VATICAN CITY (CNS) — The Vatican office in charge of coordinating plans for the Holy Year 2025 announced they are launching a new website and releasing an app to help people register and to guide them along their pilgrimage in Rome.
By registering online at iubilaeum2025.va or on the jubilee app, people will receive a free digital “pilgrim’s card,” which will be needed to participate in jubilee events, especially gaining access to the Holy Door at St. Peter’s Basilica, said Msgr. Graham Bell, undersecretary of the Dicastery for Evangelization’s section that is coordinating the Holy Year.
The jubilee website was to go live May 10 and be available in nine languages, he said at a news conference at the Vatican May 9.
People can begin registering online starting in September, he said, “by clicking on the ‘participate’ button.” After registering, people will be able to access a personal page on the site’s “pilgrim’s zone,” which will also go live in September.
Registrants will receive a digital “pilgrim’s card,” which is a personal QR code needed to access jubilee events and better facilitate the pilgrimage to the Holy Door, the monsignor said. There also will be an option to purchase a “service card” for a nominal fee to receive special discounts for transportation, lodging, food and museums during the pilgrimage.
The jubilee website and app will give news and information on the Holy Door of St. Peter’s and the other basilicas, as well as offer the possibility of organizing one’s own pilgrimage within the city, Msgr. Bell said.
People can choose from three proposed pilgrimages: “the traditional pilgrimage of St. Philip Neri with the seven churches; the pilgrimage on the churches dedicated to the women Doctors of the Church and patrons of Europe; and the ‘Iter Europaeum,’ that is, the 28 churches in 27 different European countries, plus the church that represents the European Union.”
“Tools are being prepared to better introduce pilgrims into these paths and to promote knowledge of the works of art in the various churches,” he said. It marks “an important effort carried out in agreement with the (Italian) Ministry of Tourism, which will encourage the discovery of many places often unknown to tourists themselves.”
“Rome has always been a cultural attraction and our aim is that the pilgrim may also become a tourist, just as the tourist may be fascinated by the pilgrim experience,” said Archbishop Rino Fisichella, pro-prefect of the section.
Starting in September, he said, they will open an exhibition “with works by the great Spanish Renaissance artist, El Greco.”
The pieces “have never left Spain and are being made available for this very occasion,” he said. The exhibit will be held in the church of Sant’Agnese in Agone facing onto Piazza Navona and will feature El Greco’s three masterpieces: “The Baptism of Christ,” “Christ Carrying the Cross” and “Christ Blessing.”
Other art exhibits will take place throughout the run-up to and during the jubilee, including ones that will rotate into places like hospitals and prisons, he said. “We want as much as possible for these events to have free access, in order to encourage the participation of citizens in the contemplation of beauty that allows a better relationship with the city and its people.”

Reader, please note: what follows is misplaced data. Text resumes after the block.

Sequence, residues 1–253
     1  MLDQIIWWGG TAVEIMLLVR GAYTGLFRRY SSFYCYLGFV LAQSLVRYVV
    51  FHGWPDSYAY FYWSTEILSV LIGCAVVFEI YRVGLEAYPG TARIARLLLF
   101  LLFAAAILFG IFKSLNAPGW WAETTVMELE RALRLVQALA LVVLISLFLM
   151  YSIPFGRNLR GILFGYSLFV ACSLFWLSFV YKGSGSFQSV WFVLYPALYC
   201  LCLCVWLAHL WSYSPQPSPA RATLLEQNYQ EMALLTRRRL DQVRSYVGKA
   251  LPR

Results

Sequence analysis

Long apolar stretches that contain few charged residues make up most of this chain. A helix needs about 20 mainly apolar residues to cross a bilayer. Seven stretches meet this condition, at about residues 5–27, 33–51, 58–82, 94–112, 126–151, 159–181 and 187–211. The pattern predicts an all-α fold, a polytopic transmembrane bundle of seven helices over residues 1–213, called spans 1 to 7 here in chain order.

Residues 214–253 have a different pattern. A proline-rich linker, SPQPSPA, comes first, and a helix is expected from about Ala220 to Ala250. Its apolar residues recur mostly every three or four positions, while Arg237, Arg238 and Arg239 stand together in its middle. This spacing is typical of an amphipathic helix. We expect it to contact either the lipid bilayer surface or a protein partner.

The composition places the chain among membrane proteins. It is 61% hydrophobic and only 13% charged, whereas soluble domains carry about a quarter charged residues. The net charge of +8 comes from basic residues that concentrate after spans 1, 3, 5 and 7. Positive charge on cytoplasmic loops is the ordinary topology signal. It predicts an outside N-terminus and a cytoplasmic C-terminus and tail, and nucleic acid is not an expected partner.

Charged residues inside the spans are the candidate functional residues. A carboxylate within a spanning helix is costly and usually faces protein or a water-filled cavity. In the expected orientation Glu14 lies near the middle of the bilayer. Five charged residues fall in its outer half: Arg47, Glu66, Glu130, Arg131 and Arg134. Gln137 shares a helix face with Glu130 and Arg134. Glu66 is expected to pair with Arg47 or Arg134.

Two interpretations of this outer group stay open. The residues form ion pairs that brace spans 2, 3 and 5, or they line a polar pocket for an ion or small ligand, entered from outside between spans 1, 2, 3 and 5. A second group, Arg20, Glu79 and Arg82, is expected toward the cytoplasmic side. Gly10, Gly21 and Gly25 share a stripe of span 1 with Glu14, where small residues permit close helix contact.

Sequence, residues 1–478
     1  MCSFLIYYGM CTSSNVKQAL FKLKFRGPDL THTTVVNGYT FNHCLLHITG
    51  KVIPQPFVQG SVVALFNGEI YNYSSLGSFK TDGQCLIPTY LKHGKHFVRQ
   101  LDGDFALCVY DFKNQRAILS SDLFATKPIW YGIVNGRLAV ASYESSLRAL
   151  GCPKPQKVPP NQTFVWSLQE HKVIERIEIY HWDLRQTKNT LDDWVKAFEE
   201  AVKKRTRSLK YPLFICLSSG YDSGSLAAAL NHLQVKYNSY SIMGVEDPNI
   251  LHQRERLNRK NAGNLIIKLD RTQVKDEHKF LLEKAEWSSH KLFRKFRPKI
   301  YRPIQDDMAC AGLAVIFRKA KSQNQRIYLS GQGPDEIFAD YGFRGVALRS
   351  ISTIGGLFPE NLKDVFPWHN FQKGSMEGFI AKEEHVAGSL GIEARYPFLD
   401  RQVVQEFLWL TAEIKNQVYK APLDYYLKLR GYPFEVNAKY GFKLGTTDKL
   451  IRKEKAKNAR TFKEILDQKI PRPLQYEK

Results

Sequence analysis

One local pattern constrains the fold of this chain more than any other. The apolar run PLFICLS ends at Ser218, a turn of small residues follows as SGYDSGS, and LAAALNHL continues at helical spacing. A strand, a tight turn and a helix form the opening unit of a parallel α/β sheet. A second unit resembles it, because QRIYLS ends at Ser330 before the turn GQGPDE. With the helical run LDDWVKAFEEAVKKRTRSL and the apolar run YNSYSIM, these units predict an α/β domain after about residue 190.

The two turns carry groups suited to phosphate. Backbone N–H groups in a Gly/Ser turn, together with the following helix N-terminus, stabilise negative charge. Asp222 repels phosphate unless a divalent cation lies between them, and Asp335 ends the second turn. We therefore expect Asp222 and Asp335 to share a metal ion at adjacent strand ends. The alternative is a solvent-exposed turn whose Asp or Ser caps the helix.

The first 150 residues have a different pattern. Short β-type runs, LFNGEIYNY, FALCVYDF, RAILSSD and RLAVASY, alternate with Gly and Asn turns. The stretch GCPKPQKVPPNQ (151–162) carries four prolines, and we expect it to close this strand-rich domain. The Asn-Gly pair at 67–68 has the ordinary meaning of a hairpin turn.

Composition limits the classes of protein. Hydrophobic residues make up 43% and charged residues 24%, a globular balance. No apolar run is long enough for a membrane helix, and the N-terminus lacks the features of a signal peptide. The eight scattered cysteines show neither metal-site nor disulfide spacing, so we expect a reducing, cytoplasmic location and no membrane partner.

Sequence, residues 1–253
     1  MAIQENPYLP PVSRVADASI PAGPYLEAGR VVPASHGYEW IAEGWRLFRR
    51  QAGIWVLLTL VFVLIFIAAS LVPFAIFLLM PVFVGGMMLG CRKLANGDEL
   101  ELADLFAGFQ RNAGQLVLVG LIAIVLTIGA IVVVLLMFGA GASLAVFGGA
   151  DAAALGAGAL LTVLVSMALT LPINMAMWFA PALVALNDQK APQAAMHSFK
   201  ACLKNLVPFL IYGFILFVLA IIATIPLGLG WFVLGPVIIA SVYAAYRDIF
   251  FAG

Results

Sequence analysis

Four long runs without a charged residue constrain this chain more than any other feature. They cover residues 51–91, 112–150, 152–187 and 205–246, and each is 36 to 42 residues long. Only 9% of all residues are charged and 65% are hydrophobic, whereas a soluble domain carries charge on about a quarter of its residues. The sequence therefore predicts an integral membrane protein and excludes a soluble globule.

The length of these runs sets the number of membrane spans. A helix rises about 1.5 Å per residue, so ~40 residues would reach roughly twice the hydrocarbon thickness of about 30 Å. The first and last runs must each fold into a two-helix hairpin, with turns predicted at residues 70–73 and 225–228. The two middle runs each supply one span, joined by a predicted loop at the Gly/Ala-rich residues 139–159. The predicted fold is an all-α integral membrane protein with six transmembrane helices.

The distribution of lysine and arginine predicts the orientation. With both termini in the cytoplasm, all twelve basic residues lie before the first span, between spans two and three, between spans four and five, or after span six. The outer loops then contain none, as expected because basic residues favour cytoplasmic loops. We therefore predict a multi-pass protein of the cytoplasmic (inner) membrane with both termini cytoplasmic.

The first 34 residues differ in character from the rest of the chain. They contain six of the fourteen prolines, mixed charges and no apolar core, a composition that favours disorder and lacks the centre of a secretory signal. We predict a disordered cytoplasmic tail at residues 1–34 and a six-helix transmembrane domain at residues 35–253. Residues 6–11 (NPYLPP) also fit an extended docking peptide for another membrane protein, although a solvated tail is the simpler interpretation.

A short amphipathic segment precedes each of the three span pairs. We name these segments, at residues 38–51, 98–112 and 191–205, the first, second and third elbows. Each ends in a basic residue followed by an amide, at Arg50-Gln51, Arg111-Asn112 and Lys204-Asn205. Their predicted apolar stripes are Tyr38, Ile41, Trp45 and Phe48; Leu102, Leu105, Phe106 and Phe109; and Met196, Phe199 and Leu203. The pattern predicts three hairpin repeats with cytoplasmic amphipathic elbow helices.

Archbishop Fisichella said Pope Francis has asked Catholics worldwide to prepare for the next jubilee year by spending 2023 studying the documents of the Second Vatican Council, especially its four constitutions, which focused on: the liturgy; the church as the people of God; Scripture; and the role of the church in the modern world.
“In order to help local churches in their catechetical, human and especially Christian formation paths, and to give younger people the opportunity to know and rediscover the central contents of the council,” he said, the dicastery published a series of 35 small volumes titled, “Council Notebooks,” in December.
The “notebooks” have already been translated into Spanish in one hardcover volume titled, “Cuadernos del Concilio,” he said, and they are now being translated into English by ATC Publishers-India.
Since the pope wants 2024 to be dedicated to prayer in preparation for the jubilee, the dicastery will publish an in-depth series called “Notes on Prayer” to promote “the centrality of prayer, personal and communal,” the archbishop said.
“We are studying the possibility of a ‘school of prayer’ with pathways that would cover the vast world of prayer,” he added.
The opening and closing dates of the jubilee year will be announced in the pope’s “Bull of Indiction of the Jubilee, which will be published according to tradition on the feast of the Ascension, May 9, 2024,” Archbishop Fisichella said.
The ordinary jubilee will begin with the opening of the Holy Door of St. Peter’s Basilica in December 2024, he said, and there will be “major jubilee events” throughout 2025. For example, Jan. 24, 2025, will be dedicated to the World of Communications, May 30-June 1, 2025, will be dedicated to families, and July 28-Aug. 3, 2025, will be dedicated to young people.
The archbishop also announced that Italian composer Francesco Meneghello was the winner of the competition for an original score for the official hymn for the Holy Year 2025 that highlights its theme, “Pilgrims of Hope.” The lyrics were written by Msgr. Pierangelo Sequeri, an Italian theologian, composer and musician.
The city of Rome has estimated more than 30 million people will come to Rome for the jubilee year.
At least 87 public works projects are set to begin at an initial cost of 1.8 billion euro. Projects include revamping key areas, increasing accessibility and transport, and improving reception services and infrastructure.